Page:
Nicola Naturalist Society goes frogging in Merritt
On the weekend of May 14-15 the Nicola Naturalist Society started a five year community-based program to monitor amphibian populations (frogs and salamanders) in the Merritt area, sponsored by the Habitat Conservation Trust Foundation and the Public Conservation Assistance Fund.
Amphibians worldwide are in precipitous decline due to loss of wetlands and the spread of a chytrid skin fungus which affects their ability to breathe through their skins. Since birds, mammals, fish and snakes prey on frogs, their disappearance could lead to further declines and imbalances in the ecosystem. Very little is known about frogs, toads and salamanders in our area. Our goals are to find out what species live and breed in the wetlands, marshes and lakes of the Nicola, Coldwater and Kane drainages and to watch their health over time.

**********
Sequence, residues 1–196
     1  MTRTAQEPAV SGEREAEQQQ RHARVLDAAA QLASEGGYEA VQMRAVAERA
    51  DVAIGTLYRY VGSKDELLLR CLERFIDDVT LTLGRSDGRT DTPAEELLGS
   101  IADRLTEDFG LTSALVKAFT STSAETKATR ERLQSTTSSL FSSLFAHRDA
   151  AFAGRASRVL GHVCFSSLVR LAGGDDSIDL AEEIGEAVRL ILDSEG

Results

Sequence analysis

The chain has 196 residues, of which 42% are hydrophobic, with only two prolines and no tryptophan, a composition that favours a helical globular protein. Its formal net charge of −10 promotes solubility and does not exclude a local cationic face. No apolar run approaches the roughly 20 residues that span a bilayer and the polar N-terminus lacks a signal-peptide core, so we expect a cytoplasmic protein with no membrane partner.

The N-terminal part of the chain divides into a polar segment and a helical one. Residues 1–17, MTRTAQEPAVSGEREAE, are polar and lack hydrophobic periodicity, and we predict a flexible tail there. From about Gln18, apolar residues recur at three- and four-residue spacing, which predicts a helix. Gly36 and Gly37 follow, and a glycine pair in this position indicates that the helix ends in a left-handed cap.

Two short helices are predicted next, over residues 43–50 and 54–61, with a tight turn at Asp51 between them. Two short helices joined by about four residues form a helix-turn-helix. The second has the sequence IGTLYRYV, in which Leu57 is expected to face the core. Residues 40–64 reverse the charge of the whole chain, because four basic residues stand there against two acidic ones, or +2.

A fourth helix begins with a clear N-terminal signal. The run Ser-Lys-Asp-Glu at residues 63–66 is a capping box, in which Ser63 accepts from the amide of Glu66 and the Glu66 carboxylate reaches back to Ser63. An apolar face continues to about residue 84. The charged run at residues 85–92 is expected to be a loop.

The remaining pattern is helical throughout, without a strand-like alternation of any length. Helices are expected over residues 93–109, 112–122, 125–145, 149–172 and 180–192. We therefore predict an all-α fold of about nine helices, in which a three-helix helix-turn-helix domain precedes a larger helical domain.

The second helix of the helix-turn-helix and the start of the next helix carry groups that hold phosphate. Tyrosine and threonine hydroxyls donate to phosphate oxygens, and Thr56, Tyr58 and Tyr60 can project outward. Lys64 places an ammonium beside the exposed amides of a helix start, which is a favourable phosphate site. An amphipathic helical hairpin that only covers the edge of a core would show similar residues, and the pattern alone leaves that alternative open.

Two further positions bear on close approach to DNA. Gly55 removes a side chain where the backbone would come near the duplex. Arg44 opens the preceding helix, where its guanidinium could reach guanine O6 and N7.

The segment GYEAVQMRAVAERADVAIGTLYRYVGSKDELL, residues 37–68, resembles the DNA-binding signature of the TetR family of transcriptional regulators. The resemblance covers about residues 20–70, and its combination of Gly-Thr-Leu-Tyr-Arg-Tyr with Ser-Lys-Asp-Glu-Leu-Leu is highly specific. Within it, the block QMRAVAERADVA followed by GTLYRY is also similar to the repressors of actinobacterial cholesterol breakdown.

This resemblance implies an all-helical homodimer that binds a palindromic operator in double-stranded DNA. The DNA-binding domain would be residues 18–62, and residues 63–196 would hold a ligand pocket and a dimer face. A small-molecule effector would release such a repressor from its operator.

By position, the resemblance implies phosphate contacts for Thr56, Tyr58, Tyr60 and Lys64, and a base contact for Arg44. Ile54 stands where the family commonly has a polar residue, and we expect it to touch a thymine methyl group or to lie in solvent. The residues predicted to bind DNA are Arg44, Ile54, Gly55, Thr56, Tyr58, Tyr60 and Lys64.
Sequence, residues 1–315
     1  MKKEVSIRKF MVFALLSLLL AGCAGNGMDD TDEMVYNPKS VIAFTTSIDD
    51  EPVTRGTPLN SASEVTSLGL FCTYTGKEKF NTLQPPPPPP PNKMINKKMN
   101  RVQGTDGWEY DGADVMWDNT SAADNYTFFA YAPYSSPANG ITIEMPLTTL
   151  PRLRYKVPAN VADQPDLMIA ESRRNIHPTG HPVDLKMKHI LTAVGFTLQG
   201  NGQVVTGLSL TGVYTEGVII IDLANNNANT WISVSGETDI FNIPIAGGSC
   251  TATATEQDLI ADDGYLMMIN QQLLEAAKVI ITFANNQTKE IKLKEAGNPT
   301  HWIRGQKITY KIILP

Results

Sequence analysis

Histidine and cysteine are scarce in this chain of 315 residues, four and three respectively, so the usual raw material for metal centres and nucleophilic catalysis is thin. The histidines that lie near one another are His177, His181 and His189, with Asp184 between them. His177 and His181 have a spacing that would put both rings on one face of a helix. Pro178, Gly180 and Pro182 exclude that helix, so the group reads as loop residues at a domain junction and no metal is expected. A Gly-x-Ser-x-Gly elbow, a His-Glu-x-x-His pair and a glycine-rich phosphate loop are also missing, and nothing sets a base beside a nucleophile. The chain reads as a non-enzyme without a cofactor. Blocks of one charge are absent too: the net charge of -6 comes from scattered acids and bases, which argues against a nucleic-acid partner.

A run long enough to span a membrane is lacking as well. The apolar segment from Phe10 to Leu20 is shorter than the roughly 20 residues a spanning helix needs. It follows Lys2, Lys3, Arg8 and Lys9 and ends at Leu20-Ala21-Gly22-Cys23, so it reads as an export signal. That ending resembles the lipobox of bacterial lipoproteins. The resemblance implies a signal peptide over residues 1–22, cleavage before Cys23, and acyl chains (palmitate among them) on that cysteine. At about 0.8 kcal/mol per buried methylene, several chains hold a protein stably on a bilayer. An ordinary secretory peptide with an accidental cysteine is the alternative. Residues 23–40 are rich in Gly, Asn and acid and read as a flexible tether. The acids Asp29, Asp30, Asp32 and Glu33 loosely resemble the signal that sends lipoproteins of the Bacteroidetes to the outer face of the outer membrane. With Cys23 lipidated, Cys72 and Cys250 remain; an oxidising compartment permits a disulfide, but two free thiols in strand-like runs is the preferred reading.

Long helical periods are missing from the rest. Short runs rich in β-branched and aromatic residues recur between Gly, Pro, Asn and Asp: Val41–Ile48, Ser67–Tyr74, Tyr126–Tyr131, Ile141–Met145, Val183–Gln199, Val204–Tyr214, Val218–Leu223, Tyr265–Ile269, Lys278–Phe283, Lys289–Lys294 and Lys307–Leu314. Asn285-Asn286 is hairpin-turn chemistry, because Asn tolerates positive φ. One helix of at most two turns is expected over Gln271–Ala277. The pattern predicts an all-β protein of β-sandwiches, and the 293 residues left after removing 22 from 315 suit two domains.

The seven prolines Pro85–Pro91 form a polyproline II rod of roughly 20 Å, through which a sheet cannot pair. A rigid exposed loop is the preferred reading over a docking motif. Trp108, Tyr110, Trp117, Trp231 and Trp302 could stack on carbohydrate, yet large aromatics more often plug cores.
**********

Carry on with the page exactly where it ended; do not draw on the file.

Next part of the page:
Biologists from Biolinx Envionmental Research Ltd. in Victoria, Dr. Kristina Ovaska, Lennart Sopuck and Christian Engelstoft, gave a presentation and training session at the Merritt Civic Centre on Saturday May 14 with 26 adults and children attending. Merritt naturalists learned to identify the species in our area – Western Toads, Spadefoots, Columbia Spotted Frogs and Pacific Chorus (or Tree) Frogs, as well as the Long-toed Salamander.
In the afternoon, the group surveyed a few of the lakes in Kane Valley and found Western Toads in a breeding cluster at the lake edge. The smaller males sit on top of the females and fertilize the eggs as they are being released into the water. Each female lays hundreds of eggs in long dark strings which will hatch into tadpoles in one to two weeks. These develop into toadlets which are often seen in masses leaving lakes in mid-summer to begin their life on land.
To read more about the project or to join in the activities, please see our website:www.nicolanaturalists.ca or call Volunteer Coordinator Andrea Lawrence 378-2468.